Some Parallels…

…between these two pieces:

1) “The defining moment of the Protestant Reformation was its protest against the absolutizing tendencies of the medieval church as exhibited in its ecclesiastical structure and its doctrine of the sacraments. As an intramundane historical institution, the church along with all other intramundane entities and organizations testifies to its finitude and frailties, and any claim for ultimacy on its part in matters of faith and morals is but another species of idolatry. This defining moment of Protestantism, its iconoclastic principle of protest, was however attenuated, if not straightway abandoned, in the course of the development of the various forms of Protestant orthodoxy. In this development, Protestantism found itself unable to use the Protestant principle against itself as it gravitated toward multiple forms of its own idolatry — absolutizing church doctrines, creeds, scriptures, founders of sects, or ritual practices.”
Calvin Schrag, God as Otherwise than Being: Toward a Semantics of the Gift, 92.

2) Here.

  • Ken Archer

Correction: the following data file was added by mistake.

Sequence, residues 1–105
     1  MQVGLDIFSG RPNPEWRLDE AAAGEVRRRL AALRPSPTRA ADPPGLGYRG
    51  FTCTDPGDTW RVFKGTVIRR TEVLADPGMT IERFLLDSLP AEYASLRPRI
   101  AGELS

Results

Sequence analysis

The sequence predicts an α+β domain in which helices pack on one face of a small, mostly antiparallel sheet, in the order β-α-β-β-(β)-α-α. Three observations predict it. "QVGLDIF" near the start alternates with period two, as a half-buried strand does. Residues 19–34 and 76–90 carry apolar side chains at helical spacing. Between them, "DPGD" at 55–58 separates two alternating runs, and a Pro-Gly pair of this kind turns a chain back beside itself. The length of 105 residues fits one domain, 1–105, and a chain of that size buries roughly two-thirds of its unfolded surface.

A smart guy once said we should avoid comparing our best with the other group’s worst.In that spirit, I’m not sure I agree with Schrag that the Reformation was fundamentally asserting our epistemic humility as fallen men. If anything, it seems the opposite. The authority of the Church is justified based on a commitment to epistemic humility with regard to individual men. By contrast, Luther’s epistemic confidence is remarkable. Epistemic humility must have a reason. Otherwise, it’s just sentiment. And the reason for a commitment to epistemic humility is the Platonic-Aristotelian view of knowledge that the Catholic Church has recognized as true and has developed over 2,000 years. Just as Schrag points to the Church’s structure and the sacraments as evidence of absolutizing tendencies, one should in fairness also point to the slow (but steady) pace of change in Catholic practices as evidence of its anti-absolutizing humility with regard to what anyone, even a reformer, can know for certain.It is precisely because the reformers rejected the Church’s view of knowledge that they lost any reasoned basis for epistemic humilily, clearing the way for the absolutizing tendencies amongst subsequent reformers down to the present day that Schrag appropriately deplores.


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